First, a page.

On February 19, 2022, the newest statewide COVID-19 Supplemental Paid Sick Leave took effect.
California’s Division of Labor Standards Enforcement (DLSE) has published an FAQ Page to provide guidance regarding COVID-19 Supplemental Paid Sick Leave (SPSL).
The new FAQ page covers questions pertaining to the following:
- Reasons for Taking Leave
- Start Date and End Date
- Requesting Leave from An Employer
- Calculating an Employee’s Hours of Leave
- Permissive Limits on Use and Verification
- Payment of Leave, Record-Keeping, and Paystubs
- Relation to Other Laws
There is some information in the FAQs that employers should take special note of.
Retroactive payments are only required if the covered employee requests retroactive time for qualified absences prior to February 19, 2022.
Employers may request documentation if the employee is requesting retroactive leave for the employee or a qualifying family member testing positive for COVID-19.
This documentation could include, among other things, a medical record of the test result, an e-mail or text from the testing company with the results, a picture of the test result, or a contemporaneous text or e-mail from the employee to the employer stating that the employee or a qualifying family member tested positive for COVID-19.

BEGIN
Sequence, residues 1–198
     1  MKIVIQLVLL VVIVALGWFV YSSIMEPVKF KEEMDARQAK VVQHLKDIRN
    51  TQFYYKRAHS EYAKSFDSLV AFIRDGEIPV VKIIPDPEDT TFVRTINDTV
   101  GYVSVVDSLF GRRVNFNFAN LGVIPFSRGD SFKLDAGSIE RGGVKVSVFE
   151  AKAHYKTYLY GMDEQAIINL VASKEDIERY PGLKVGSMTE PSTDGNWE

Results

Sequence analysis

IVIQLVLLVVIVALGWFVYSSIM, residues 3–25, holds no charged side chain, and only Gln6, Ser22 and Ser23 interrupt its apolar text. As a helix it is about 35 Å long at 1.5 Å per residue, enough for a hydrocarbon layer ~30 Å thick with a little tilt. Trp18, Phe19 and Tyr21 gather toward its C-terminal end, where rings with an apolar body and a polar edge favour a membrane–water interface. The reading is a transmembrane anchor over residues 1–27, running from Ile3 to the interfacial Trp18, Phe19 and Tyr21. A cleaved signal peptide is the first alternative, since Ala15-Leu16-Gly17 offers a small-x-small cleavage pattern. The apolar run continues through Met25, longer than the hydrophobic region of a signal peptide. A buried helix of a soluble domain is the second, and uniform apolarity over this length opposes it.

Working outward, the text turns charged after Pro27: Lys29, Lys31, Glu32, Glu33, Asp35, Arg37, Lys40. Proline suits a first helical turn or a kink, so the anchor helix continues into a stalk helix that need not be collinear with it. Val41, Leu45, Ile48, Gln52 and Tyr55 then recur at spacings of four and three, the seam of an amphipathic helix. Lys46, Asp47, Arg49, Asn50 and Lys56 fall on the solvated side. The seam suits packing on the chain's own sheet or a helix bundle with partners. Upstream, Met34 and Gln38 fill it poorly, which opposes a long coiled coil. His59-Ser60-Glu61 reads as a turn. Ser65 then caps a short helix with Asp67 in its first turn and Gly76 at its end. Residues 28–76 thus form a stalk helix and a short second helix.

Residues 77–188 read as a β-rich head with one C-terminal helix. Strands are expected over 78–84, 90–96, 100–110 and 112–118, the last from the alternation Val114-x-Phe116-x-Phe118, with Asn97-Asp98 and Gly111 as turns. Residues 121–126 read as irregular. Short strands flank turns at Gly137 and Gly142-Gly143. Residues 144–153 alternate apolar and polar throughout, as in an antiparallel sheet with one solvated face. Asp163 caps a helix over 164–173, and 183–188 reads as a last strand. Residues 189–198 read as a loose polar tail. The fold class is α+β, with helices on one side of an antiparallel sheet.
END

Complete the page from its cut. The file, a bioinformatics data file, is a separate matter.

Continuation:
If retroactive payment is being sought from the hours that an employee may use for any other qualifying reason employer may not deny a worker 2022 COVID-19 Supplemental Paid Sick Leave based solely on a lack of certification from a health care provider.
The itemized wage statement or separate writing requirement ensures covered employees understand how many separate hours they have used for 2022 COVID-specific sick leave. The 2022 SPSL differs from the 2021 SPSL in that the paystub must list what has been used instead of what is available to use. If no hours have yet been used then the paystub or other writing issued at the time wages are paid must indicate 0.
In addition, Labor Code Section 247.5 requires that records be kept for a three-year period on regular paid sick days and 2022 SPSL days accrued and used and that the records be made available to the Labor Commissioner or employee upon request.
Under California law, employers are required to display the required poster about 2022 SPSL in a place at the worksite where employees can easily read it.
If an employer’s covered employees do not frequent a workplace, the employer may satisfy the notice requirement by disseminating notice through electronic means.
If you have questions about 2022 COVID-19 Supplemental Paid Sick Leave or related issues, contact a Jackson Lewis attorney to discuss.